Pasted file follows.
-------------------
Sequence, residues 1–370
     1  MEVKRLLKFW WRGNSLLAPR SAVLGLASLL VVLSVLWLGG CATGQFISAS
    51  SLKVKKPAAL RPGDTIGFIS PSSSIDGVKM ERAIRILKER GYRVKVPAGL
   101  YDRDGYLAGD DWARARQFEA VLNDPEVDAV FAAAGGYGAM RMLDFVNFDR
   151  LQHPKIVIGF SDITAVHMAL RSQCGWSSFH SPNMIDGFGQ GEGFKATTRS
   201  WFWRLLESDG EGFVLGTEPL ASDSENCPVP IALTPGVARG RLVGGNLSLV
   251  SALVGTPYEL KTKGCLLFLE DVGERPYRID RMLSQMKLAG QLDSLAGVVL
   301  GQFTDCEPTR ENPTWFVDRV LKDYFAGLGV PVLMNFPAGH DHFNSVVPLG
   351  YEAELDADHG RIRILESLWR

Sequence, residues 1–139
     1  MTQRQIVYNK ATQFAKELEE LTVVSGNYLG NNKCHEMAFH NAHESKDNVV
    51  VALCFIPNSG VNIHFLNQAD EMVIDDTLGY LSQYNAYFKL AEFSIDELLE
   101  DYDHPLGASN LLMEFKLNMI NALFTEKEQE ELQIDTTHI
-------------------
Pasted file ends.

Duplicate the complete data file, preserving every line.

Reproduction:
Sequence, residues 1–370
     1  MEVKRLLKFW WRGNSLLAPR SAVLGLASLL VVLSVLWLGG CATGQFISAS
    51  SLKVKKPAAL RPGDTIGFIS PSSSIDGVKM ERAIRILKER GYRVKVPAGL
   101  YDRDGYLAGD DWARARQFEA VLNDPEVDAV FAAAGGYGAM RMLDFVNFDR
   151  LQHPKIVIGF SDITAVHMAL RSQCGWSSFH SPNMIDGFGQ GEGFKATTRS
   201  WFWRLLESDG EGFVLGTEPL ASDSENCPVP IALTPGVARG RLVGGNLSLV
   251  SALVGTPYEL KTKGCLLFLE DVGERPYRID RMLSQMKLAG QLDSLAGVVL
   301  GQFTDCEPTR ENPTWFVDRV LKDYFAGLGV PVLMNFPAGH DHFNSVVPLG
   351  YEAELDADHG RIRILESLWR

Sequence, residues 1–139
     1  MTQRQIVYNK ATQFAKELEE LTVVSGNYLG NNKCHEMAFH NAHESKDNVV
    51  VALCFIPNSG VNIHFLNQAD EMVIDDTLGY LSQYNAYFKL AEFSIDELLE
   101  DYDHPLGASN LLMEFKLNMI NALFTEKEQE ELQIDTTHI